The Enlarged Board may also be questioned on this issue in another case.  Monsanto’s “melon” patent, which claims a virus resistant melon plant and its fruit, is presently the subject of opposition proceedings before the EPO.  This opposition is, however, at a very early stage and it will likely be several years before the relevant questions can even be asked of the Enlarged Board.

As mentioned above, plants are not excluded from patentability per se, provided that the claims encompass more than a single plant variety, so the question is how far the exclusion relating to essentially biological processes extends. 

The Dutch courts recently decided that to allow claims encompassing radish plants obtained by essentially biological processes would be in direct contradiction to the EPC exclusion.  The decisions of member states are not binding on the EPO, but this decision of an experienced court will undoubtedly feature in the opposition proceedings.  Moreover, the EPO face considerable pressure from political bodies and pressure groups not to allow such cases.

Of course, inventions relating to plants and production methods that involve genetic engineering and the introduction of genes through techniques other than sexual crossing and selection can still be patented in Europe, provided that those crossing and selection steps are not included in the method.

Claims to markers useful for breeding may be acceptable

It is also worth noting, in this post-Myriad world, that nucleotide and amino acid sequences remain patentable in Europe (indeed, the patentability of such sequences is written into the EPC).  The molecular markers useful in crossing and selection processes may therefore be patentable in their own right.  

Biosimilars Subcommittee Report

Biocomparable Medicaments in Mexico

Contributed by Eugenio Perez and Janett Lumbreras, Uhthoff Gomez Vega + Uhthoff, Mexico City, Mexico.

Mexico has an estimated population of 118 million people. It is the second largest market of pharmaceuticals in Latin America and the eleventh in the world. Also, it is one of the ten largest drug producers worldwide. This position in the global scenario puts Mexico in a strategic position for the biotech and pharmaceutical industry.  For these reasons, Mexico now has a clear and transparent regulation on biotechnology-derived medicaments for both innovator and non-innovator participants.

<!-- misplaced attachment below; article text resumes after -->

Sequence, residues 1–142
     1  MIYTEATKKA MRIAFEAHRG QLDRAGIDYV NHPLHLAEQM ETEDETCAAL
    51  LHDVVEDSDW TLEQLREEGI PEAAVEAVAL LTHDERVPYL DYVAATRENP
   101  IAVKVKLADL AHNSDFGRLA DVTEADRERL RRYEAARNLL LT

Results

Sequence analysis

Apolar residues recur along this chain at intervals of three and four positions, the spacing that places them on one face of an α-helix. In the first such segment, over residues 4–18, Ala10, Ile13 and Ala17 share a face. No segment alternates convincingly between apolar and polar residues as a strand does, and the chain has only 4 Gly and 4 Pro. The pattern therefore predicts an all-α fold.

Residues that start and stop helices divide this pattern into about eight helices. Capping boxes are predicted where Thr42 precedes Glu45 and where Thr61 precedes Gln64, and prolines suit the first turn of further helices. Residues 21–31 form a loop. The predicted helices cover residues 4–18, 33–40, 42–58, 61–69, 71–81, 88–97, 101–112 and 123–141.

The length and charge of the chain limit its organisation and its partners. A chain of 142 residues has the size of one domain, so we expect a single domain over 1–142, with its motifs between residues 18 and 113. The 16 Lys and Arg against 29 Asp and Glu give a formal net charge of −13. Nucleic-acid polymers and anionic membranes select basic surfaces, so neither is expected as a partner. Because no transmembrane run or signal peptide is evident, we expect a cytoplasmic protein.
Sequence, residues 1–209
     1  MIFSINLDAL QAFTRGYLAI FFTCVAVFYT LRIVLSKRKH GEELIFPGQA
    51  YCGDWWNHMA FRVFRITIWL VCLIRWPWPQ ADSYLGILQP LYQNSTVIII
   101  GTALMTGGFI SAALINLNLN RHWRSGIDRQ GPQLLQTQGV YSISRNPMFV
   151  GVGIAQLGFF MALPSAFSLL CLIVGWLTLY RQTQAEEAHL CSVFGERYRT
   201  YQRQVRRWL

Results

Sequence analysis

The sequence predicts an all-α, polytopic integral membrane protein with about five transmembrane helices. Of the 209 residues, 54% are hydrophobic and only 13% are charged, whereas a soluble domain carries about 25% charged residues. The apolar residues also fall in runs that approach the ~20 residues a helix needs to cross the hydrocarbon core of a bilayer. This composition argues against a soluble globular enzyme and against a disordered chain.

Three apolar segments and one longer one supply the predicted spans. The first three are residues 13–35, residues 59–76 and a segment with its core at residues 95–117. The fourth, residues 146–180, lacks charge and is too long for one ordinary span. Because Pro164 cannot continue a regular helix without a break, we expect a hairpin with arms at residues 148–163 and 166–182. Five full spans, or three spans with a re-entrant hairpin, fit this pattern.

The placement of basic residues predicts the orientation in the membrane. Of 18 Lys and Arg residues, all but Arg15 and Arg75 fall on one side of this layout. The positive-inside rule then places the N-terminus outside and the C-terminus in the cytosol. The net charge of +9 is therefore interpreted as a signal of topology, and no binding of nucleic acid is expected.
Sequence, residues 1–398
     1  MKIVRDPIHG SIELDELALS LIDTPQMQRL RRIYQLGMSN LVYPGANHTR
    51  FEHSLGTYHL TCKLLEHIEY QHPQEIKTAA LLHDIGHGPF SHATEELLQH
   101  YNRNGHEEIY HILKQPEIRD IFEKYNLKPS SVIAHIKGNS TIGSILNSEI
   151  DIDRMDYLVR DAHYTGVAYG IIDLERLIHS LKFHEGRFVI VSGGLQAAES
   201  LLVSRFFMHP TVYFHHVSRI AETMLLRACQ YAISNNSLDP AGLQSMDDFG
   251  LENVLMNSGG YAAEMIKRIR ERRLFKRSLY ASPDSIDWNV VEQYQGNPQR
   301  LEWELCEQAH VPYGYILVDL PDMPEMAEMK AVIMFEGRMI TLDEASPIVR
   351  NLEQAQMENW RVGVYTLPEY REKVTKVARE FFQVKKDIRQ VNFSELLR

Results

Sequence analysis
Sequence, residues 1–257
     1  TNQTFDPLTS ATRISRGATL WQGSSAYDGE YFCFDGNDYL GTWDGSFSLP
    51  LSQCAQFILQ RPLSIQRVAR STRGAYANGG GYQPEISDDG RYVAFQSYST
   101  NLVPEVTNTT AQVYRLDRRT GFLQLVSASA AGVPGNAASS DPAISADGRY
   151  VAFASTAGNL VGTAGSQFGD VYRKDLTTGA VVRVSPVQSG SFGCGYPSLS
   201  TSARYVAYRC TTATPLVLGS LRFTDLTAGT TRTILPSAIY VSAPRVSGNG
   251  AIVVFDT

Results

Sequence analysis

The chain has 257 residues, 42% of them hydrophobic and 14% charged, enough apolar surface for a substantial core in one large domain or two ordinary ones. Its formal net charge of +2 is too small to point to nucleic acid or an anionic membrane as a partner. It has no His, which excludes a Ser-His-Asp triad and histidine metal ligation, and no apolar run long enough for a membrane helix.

The legal regulatory authority for approval of medicaments in Mexico is the Federal Commission for the Protection against Sanitary Risks (COFEPRIS). It is a decentralised organ of the Secretary of Health with technical, administrative and operational autonomy; it is responsible for protecting the Mexican population against sanitary risks, through sanitary regulation, control and promotion.

In September of 2009, an amendment to Mexican Health Law was enacted and provided the initial legal framework for regulating biotechnological medicaments. Article 222bis of the General Health Law provides that a biotechnological medicament is considered as any substance that has been produced by molecular biotechnology and that has a therapeutic, preventive or rehabilitative effect, which is presented in a pharmaceutical form and identified by its pharmacological activity, physical, chemical and biological properties.

The Article also provides that the innovator biotechnological medicaments shall be reference for non-innovator biotechnological medicaments, named bio-comparable medicaments. The way to identify these products will be determined in the Mexican Regulations.

The term “biosimilar” was not adopted in Mexico, as in other countries, due to the existence of a Mexican pharmaceutical company called “Similares”, which is translated as “Similars” in English, which would have rendered the possibility of creating confusion among consumers.